• Conclude with your view

Directive word

Critically examine – Here we have to get into the depth of price capping method of the government, examine its pros and cons, causes and impacts, views of all stakeholders and come to a fair and balanced stand.

Structure of the answer

Introduction – discuss some recent move by the government introduction price controls in healthcare and the debates that it raises.


  • Highlight some of the instances of price capping – stents, medicines (NLEM) etc . Bring out the impacts of such a move
  • Flowing from that discuss about the pros and cons of instituting price controls
  • Discuss why the government goes for such a move and the impact it has on delivery of healthcare
  • Identify some other steps that can be taken to ensure healthcare becomes more affordable

Conclusion – provide your view on the usefulness of price controls and the way forward.


  • Health sector saw major initiatives to bring down and cap prices of essential medicines through price control, coupled with moves to expand a network of cheaper drug dispensaries in the recent years.

Capping of prices will reduce out of pocket expenditure:-

  • Price control played a major role in enhancing savings on medicines, which constitute at least 40% of an household’s expenditure on health. 
  • Apart from price capping, the government also worked on opening AMRIT and Jan Aushadhi stores to make generic drugs available at a discounted price.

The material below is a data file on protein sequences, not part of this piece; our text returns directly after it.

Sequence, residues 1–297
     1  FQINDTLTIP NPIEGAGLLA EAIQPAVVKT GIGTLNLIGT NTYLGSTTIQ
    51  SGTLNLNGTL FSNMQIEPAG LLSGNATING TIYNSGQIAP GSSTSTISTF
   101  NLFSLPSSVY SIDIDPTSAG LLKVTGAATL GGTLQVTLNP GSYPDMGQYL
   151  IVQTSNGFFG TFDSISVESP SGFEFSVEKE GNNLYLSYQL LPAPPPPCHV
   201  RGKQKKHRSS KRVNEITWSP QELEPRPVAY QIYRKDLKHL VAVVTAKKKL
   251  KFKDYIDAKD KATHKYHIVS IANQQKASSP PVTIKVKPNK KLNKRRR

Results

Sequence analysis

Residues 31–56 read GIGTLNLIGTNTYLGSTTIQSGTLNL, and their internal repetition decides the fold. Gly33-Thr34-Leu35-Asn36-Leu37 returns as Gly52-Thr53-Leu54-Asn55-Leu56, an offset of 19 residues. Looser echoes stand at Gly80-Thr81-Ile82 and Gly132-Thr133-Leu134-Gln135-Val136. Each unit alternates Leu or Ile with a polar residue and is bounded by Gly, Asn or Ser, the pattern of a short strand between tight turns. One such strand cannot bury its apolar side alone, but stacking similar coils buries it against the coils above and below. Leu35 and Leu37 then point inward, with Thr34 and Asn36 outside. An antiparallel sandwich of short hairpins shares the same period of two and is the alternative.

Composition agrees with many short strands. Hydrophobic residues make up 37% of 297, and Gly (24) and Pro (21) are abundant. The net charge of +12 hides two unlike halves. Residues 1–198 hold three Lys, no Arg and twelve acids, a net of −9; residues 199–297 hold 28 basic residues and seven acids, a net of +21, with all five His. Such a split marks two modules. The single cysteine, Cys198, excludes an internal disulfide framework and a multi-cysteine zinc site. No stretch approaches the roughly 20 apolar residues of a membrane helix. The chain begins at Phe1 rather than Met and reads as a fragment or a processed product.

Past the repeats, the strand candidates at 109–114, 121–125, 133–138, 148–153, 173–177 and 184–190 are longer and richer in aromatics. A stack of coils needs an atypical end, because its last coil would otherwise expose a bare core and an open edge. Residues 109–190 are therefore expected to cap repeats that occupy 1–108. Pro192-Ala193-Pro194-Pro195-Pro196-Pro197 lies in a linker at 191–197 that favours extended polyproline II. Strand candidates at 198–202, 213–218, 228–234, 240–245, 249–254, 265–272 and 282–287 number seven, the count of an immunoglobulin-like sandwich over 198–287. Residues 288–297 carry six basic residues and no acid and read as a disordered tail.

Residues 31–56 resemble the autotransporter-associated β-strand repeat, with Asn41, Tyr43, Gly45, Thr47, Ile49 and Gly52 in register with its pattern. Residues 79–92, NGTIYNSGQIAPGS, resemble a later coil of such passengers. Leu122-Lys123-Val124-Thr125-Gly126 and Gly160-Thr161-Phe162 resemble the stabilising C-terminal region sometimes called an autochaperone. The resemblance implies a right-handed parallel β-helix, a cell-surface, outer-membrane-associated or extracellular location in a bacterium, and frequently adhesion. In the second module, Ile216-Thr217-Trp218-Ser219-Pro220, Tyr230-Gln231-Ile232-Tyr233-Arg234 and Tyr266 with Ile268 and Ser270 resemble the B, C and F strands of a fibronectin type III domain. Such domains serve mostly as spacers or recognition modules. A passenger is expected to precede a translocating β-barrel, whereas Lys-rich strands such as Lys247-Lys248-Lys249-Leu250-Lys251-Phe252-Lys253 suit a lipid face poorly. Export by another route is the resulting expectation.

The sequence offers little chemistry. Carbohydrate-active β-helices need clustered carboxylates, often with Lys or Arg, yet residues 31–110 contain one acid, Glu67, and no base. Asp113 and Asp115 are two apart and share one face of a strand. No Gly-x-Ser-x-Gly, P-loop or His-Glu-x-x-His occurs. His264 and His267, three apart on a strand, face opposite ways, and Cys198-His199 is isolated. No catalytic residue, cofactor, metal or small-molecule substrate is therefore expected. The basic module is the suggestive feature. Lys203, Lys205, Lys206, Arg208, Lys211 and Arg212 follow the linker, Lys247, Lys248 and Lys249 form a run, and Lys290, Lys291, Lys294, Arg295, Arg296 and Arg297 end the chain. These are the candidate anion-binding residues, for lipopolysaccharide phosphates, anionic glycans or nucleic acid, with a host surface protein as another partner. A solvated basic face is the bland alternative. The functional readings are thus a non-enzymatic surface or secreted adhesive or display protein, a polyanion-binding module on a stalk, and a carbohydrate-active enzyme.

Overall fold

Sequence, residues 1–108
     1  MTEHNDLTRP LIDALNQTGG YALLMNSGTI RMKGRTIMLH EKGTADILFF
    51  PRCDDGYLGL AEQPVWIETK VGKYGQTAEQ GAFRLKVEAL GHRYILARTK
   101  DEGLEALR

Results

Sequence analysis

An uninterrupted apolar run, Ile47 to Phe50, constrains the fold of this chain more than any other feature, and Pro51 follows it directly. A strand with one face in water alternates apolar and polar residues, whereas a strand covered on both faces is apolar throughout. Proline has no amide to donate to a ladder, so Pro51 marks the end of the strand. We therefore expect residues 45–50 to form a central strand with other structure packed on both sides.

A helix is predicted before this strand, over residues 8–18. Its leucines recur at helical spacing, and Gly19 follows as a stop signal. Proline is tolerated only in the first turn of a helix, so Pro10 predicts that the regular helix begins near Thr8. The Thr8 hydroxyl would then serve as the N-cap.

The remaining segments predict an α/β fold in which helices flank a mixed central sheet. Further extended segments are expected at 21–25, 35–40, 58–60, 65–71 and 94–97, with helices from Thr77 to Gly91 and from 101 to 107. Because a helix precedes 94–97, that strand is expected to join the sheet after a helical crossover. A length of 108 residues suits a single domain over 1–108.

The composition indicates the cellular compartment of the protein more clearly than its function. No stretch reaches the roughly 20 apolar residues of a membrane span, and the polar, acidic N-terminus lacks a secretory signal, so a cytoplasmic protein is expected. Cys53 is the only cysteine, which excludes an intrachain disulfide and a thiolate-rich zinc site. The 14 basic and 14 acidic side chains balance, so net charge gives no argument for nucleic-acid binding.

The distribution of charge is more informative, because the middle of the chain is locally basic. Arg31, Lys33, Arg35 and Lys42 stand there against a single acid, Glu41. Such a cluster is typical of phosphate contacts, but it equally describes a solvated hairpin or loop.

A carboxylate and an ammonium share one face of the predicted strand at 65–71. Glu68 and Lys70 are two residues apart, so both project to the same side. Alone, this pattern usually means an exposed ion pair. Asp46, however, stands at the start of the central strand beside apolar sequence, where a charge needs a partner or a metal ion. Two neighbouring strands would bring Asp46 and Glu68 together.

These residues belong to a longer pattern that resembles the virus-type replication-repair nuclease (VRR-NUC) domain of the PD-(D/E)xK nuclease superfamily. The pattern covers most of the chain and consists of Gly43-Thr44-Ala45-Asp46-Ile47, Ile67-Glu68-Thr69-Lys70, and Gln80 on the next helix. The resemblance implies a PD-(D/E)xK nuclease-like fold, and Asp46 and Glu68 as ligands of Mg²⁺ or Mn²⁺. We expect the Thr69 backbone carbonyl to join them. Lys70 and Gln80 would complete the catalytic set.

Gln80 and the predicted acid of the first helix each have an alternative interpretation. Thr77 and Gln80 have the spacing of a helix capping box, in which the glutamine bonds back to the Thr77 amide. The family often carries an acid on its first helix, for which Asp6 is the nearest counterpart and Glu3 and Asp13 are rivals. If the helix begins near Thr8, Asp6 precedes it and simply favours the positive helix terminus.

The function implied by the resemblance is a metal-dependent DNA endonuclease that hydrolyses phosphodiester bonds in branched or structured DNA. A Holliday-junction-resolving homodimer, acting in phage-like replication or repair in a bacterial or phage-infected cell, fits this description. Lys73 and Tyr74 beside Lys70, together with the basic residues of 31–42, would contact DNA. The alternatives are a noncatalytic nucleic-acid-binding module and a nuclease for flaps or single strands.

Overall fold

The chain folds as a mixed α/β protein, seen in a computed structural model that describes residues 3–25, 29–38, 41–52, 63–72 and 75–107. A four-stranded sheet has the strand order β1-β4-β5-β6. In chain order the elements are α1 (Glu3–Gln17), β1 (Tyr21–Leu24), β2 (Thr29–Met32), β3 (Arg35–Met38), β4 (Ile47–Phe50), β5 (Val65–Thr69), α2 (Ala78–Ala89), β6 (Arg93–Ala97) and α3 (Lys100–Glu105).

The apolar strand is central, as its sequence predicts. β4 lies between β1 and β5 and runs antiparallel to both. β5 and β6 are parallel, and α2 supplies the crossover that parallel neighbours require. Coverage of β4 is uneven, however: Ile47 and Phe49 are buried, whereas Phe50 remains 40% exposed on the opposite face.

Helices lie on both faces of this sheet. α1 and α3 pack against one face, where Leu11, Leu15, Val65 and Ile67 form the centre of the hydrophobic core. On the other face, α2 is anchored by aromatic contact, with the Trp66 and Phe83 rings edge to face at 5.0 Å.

• Government has also brought stents under price control, providing a major relief to patients suffering from heart disorders. 

No, capping of prices is not the solution:-

  • In a country where two-thirds of the population is denied access to quality healthcare today, it is important to quickly guarantee universal health coverage.
  • A large part of the population is denied access due to poor availability of hospitalisation, specialists and drugs.
  • In the absence of a fully functioning public health system, it is the private sector that people must depend upon. 
  • If capping of prices is done through government-ordered arbitrary price fixing, it could only result in drug firms pulling out products and, thereby, stocks will run dry.
  • If hospitalisation costs are capped, patients will suffer long waiting periods and other hidden costs. 
  • Criticism to government’s stand on pricing of stents and other medical implants:-
    • Stent price capping has resulted in eliminating the choice of stents  Furthermore, there have been multiple reports  that hospitals have cited no significant increase in the number of angioplasty procedures performed, after the move on stent price control.